Republican, Democrat -- it doesn't matter much to local politicians, who may have attended school together as kids. The incentive to look past party affiliation is strong when you see each other at the grocery store. Evansville City Councilman Dan McGinn's announcement last week that he no longer identifies as a Republican was greeted with a collective yawn by the local political class. McGinn will continue as the council's finance chairman.
The deadliest shooting in modern U.S. history has 8th District Rep. Larry Bucshon keeping his powder dry in the ensuing debate in Congress about rapid-fire rifle devices. Bucshon reiterated Thursday his opposition to traditional gun control measures but declined to stake out a hard position as yet in the roiling debate about devices like "bump stock" and "trigger crank." Events in Las Vegas focused attention on the deadly devices.
Bruce Ungethiem - leader of the successful 2012 campaign to defeat Evansville-Vanderburgh consolidation and a county commissioner for the past three years - wants to go to Indianapolis. Ungethiem said Thursday night he will forgo re-election to county government's three-member executive governing body next year and will try instead to succeed retiring Rep. Tom Washburne in the Indiana Legislature. Both men are Republicans.
Muck Rack makes it simple to find people, tweets, or articles that mention any name, keyword, company, hashtag etc. We've compiled this guide to help you make the most of your search.
Selecting a term
Start searching tweets, articles from media outlets, articles mentioned in tweets, journalists'
names, titles and bios with some suggested searches:
Companies or Topics (e.g. iPhone, Microsoft)
Phrases (e.g. "cloud computing") — use quotes to keep the terms together
Twitter handles (e.g. @username) — returns those who have mentioned or replied to
Names (e.g. "David Pogue")
Hashtags (e.g. #sxsw, #london2012)
Bio details (e.g. vegan, Olympics, father)
Muck Rack's Advanced Search allows for many boolean operators.
Find results that mention multiple specified terms, use AND or
+. For example, ensure each result contains both Elon Musk and Mark Zuckerberg by
searching Musk AND Zuckerberg or Musk + Zuckerberg.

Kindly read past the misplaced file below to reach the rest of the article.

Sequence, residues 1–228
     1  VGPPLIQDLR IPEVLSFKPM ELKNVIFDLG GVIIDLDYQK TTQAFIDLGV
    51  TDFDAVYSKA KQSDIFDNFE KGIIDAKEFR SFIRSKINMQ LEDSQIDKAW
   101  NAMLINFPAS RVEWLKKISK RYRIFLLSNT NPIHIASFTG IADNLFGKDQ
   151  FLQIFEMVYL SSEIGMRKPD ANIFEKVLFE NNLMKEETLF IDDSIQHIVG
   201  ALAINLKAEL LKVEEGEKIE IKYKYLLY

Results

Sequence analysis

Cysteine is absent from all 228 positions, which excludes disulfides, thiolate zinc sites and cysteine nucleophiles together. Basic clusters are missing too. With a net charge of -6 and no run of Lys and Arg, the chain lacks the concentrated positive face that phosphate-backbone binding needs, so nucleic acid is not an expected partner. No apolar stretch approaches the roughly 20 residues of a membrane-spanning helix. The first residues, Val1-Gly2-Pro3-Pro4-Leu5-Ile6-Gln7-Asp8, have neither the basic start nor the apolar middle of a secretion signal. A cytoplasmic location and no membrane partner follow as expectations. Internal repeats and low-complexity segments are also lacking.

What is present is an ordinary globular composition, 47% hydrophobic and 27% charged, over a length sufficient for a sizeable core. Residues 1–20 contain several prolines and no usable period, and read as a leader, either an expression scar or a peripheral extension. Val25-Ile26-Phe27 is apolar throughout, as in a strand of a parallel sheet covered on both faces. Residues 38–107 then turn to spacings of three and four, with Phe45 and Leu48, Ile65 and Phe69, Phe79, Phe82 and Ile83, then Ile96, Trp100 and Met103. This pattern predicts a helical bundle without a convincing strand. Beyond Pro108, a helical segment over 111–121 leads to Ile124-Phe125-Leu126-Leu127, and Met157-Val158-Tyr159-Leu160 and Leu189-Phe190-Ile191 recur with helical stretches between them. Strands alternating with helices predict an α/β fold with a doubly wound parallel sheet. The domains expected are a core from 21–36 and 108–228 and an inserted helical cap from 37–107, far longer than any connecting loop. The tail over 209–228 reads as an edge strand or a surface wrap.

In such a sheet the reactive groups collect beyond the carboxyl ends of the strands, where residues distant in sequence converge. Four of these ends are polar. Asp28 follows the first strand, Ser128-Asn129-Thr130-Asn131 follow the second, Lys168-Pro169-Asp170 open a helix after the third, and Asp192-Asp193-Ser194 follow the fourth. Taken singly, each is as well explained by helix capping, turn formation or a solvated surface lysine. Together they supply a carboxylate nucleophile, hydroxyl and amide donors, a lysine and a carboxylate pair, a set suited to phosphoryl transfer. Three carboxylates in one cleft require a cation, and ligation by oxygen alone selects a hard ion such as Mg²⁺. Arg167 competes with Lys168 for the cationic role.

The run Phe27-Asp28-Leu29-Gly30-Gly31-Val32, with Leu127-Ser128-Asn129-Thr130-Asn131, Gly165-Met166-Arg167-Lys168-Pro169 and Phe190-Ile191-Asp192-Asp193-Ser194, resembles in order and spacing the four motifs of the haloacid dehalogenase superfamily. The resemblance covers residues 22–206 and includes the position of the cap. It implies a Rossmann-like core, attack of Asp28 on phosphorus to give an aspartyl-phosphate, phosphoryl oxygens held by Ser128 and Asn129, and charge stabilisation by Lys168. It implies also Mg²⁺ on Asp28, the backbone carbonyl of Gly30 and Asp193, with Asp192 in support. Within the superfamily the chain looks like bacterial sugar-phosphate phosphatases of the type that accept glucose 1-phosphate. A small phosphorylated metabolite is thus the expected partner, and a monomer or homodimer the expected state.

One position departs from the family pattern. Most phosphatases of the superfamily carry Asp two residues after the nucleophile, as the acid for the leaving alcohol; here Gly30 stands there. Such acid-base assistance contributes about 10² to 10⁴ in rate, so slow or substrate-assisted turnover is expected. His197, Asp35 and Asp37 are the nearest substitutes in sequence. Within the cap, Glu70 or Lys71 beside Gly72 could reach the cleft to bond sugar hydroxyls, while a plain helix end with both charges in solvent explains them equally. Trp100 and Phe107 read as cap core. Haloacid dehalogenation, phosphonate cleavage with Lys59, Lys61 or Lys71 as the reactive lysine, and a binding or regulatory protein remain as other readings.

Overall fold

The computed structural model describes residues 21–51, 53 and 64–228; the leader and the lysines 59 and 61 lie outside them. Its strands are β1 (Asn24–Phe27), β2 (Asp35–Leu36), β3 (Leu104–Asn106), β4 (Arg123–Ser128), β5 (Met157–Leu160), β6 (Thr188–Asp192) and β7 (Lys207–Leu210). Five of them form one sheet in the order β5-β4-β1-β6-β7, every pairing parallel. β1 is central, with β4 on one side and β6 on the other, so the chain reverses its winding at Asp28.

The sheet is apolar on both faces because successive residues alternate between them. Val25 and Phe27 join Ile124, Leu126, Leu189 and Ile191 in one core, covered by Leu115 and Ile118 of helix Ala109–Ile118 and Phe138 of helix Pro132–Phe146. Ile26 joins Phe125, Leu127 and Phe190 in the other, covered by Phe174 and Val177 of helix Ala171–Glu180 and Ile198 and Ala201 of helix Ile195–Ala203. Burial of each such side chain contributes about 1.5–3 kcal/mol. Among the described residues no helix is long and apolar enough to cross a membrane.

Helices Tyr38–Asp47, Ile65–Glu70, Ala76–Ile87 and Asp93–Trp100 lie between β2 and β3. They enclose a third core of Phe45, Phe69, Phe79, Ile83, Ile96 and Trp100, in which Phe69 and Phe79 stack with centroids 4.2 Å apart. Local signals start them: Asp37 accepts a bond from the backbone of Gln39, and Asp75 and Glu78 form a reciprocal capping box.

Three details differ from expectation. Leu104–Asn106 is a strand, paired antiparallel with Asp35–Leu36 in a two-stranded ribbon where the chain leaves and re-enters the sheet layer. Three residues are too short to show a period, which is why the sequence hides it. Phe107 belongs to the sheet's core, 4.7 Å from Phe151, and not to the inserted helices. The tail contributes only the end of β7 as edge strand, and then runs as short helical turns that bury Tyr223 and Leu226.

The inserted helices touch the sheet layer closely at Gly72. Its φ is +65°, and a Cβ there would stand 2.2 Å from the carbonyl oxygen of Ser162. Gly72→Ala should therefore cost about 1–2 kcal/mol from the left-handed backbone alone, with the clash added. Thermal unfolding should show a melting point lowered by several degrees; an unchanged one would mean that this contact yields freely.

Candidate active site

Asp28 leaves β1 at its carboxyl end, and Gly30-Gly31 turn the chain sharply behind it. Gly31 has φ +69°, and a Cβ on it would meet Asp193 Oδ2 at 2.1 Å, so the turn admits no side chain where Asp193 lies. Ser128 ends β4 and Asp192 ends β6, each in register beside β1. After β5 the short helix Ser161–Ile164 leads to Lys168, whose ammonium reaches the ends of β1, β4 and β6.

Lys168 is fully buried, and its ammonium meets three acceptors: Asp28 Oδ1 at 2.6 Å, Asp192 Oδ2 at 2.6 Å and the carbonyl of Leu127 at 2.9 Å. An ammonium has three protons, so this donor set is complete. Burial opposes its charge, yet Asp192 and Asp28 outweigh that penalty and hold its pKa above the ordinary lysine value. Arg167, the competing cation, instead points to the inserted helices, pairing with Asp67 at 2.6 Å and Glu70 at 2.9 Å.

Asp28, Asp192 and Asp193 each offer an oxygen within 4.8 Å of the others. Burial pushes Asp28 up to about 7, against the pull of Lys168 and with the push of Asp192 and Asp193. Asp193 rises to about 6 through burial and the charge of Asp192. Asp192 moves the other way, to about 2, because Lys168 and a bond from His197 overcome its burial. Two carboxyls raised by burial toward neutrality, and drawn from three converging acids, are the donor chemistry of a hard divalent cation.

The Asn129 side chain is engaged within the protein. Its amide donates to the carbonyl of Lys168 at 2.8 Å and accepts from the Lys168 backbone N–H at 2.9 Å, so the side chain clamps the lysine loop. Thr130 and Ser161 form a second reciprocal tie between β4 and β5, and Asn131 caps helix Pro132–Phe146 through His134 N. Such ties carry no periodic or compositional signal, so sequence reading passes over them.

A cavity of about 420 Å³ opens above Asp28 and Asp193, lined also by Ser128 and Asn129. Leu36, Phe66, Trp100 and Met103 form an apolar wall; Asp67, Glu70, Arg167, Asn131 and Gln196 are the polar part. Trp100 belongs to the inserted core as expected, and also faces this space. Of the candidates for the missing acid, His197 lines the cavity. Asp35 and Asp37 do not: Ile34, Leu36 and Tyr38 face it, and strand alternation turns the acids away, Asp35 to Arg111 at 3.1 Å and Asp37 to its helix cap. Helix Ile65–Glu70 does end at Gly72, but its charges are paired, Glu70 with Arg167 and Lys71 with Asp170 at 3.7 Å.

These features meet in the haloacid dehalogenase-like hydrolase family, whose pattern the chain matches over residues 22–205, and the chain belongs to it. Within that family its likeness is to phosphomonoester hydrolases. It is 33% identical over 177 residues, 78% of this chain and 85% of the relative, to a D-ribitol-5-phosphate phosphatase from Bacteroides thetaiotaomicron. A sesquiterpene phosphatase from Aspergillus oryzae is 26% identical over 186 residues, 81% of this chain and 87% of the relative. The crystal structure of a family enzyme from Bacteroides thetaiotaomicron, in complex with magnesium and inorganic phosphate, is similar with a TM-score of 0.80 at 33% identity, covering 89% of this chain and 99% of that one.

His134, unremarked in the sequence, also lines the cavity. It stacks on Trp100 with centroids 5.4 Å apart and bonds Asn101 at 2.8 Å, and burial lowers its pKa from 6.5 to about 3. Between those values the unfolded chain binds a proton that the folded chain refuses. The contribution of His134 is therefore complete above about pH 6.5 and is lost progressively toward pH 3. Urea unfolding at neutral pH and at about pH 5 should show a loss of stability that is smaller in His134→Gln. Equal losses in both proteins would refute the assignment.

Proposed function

Use the operators OR or , to broaden your search when you'd like either of
multiple terms to appear in results. (This is the default behavior of our search when no operators
are used). For example, results will contain either cake or cookie by searching cake OR cookie or cake,cookie
Use NOT or - to subtract results from your search. For
example, searching Disney will yield results about the Walt Disney Company as well as Walt Disney
World Resort. To exclude mentions of Disney World, search for Disney -World or Disney
When using one of these operators with a phrase, enclose it in quotation marks. For example, you can
find results about smartphones excluding Apple's iPhone 4S by searching smartphone -"iPhone
Exact case matching or punctuation
If you're searching for a brand name or keyword that relies on specific punctuation marks or capitalization, you can
find results that match your exact query by adding matchcase: before the keyword you're searching for, like matchcase:E*TRADE .
Use parentheses to separate multiple
boolean phrases. For example, to find journalists talking about having fun in Disney World or
Disneyland, search for ("disney world" OR disneyland) AND fun.
An asterisk can be used to search for any variation of a root word truncated by the asterisk. For example, searching for admin* will return results for administrator, administration, administer, administered, etc.
A near operator is an AND operator where you can control the distance between the words. You can vary the distance the near operation uses by adding a forward slash and number (between 0-99) such as strawberries NEAR/10 "whipped cream", which means the strawberries must exist within 10 words of "whipped cream".